Four glowing white pillar candles illuminated photographs of the people killed in bombing-connected violence in the Boston area last week, as the city sought comfort in religious services on the first Sunday after the blasts which plunged the community into days of chaos.
The photographs showing the faces of Martin Richard, 8, Lu Lingzi, 23, Krystle Campbell, 29, and Sean Collier, 26, a police officer at the Massachusetts Institute of Technology; were propped up on the altar at Boston's Cathedral of the Holy Cross, where Roman Catholic Cardinal Sean Patrick O'Malley spoke about the city's pain and looked ahead to its spiritual recovery.
"Everyone has been profoundly affected by this wanton violence and destruction inflicted upon our community by two young men unknown to all of us," said O'Malley, speaking to a crowd of mourners that included Boston police Commissioner Edward Davis, who sat in the front row of the cavernous cathedral with other elected officials. "It's very difficult to understand what was going on in their heads. What demons were operating, what ideologies or politics, or the perversions of their religion."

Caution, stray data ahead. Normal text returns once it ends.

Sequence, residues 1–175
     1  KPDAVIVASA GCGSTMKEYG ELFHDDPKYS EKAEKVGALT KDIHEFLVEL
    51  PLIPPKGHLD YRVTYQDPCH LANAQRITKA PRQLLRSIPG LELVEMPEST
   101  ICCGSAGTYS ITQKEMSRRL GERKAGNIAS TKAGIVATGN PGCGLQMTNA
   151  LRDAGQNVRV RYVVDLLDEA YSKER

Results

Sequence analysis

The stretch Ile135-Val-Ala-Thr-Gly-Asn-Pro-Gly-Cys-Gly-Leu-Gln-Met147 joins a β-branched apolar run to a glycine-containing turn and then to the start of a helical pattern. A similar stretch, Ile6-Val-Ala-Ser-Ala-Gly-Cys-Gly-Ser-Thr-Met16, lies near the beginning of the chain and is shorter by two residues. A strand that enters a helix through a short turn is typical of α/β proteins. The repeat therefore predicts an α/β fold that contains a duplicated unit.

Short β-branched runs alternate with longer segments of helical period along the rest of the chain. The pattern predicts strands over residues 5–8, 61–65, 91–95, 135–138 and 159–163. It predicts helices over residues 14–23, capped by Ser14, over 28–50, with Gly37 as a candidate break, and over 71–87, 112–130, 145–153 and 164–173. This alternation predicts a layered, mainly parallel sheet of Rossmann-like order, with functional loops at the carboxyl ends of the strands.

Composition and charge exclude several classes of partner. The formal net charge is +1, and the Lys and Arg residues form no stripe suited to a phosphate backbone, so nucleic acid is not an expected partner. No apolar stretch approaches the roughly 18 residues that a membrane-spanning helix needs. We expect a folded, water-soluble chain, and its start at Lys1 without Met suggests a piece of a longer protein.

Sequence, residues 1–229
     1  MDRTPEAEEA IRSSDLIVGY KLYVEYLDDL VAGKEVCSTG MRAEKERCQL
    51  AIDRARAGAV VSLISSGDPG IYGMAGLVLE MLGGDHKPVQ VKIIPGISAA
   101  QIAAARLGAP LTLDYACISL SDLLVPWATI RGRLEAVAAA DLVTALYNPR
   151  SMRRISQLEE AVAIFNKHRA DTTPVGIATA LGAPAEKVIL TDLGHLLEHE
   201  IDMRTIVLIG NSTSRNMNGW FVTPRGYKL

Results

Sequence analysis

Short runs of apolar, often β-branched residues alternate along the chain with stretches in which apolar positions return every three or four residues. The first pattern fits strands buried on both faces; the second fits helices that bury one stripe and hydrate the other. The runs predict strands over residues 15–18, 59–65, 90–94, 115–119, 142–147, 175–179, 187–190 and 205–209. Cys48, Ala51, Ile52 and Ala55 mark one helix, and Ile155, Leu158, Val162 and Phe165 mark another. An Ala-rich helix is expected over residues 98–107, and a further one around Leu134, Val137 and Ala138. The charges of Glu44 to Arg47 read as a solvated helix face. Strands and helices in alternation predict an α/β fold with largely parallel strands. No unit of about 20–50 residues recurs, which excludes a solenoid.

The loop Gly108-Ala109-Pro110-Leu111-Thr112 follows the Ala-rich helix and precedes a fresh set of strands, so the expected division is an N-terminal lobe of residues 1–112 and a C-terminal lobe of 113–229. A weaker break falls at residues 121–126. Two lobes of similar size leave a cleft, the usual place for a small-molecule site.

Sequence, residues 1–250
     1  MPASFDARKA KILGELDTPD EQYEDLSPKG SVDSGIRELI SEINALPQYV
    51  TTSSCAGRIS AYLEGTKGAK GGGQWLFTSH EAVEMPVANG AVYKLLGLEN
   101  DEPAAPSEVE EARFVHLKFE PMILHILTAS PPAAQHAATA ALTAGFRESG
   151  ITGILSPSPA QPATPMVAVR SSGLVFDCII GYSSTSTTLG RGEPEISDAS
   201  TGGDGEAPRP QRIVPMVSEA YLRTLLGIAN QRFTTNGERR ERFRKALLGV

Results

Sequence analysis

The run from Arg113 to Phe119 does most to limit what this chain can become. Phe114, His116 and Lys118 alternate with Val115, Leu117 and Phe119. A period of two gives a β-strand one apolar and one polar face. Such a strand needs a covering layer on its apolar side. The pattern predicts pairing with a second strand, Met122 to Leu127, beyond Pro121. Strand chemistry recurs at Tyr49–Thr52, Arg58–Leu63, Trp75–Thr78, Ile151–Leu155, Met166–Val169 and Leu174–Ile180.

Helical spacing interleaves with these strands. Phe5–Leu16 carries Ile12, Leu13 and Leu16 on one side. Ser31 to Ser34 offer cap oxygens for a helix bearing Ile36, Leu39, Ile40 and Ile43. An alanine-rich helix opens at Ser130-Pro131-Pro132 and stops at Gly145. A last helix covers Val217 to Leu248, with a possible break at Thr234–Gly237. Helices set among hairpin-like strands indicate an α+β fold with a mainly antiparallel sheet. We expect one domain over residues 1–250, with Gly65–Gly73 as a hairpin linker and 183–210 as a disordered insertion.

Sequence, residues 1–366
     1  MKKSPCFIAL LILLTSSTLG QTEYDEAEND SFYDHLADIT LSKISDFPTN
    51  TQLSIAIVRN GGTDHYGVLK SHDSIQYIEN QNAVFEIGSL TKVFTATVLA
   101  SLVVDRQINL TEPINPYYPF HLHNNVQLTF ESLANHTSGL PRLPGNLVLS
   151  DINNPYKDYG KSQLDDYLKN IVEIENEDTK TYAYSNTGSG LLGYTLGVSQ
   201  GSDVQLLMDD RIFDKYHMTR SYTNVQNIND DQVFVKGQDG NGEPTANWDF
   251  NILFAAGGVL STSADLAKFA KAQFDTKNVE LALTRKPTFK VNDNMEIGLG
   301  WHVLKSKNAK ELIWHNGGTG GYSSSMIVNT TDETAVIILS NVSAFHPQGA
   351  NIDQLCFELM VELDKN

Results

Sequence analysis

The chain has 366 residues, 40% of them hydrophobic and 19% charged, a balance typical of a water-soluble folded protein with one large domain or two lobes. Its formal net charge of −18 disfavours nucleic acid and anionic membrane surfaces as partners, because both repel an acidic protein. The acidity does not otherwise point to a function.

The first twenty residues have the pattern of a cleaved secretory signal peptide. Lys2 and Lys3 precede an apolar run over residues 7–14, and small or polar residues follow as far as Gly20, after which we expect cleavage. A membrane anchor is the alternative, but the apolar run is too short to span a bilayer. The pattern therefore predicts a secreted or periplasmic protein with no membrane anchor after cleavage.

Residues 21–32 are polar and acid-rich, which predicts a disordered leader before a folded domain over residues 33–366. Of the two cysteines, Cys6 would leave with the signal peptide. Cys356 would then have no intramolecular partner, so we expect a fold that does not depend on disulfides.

Two Muslim brothers from Russia — Dzhokhar Tsarnaev, 19, and Tamerlan, 26 — are suspected in Monday's Boston Marathon bombings. Their motive remains unclear. The older brother was killed during a getaway attempt, while the other was captured Friday night and remains in a hospital.
Along the barricade that has become a shrine near the marathon finish line, hundreds of people sang hymns and prayed beneath a brilliant blue sky.
Susan Ackley, a priest at the Emmanuel Episcopal Church a few blocks from the blast site, said religious leaders had visited the area "to clear the air and to bless it." She encouraged people to forgive the perpetrators.
"Instantaneous forgiveness, I think, is impossible," she said. "That's not what needs to happen. But I think it is the role of the churches and the synagogues to try to hold this community of human beings together."
O'Malley echoed that sentiment, exhorting the congregation to keep the spirit of community generosity alive — and to spread love, not hate.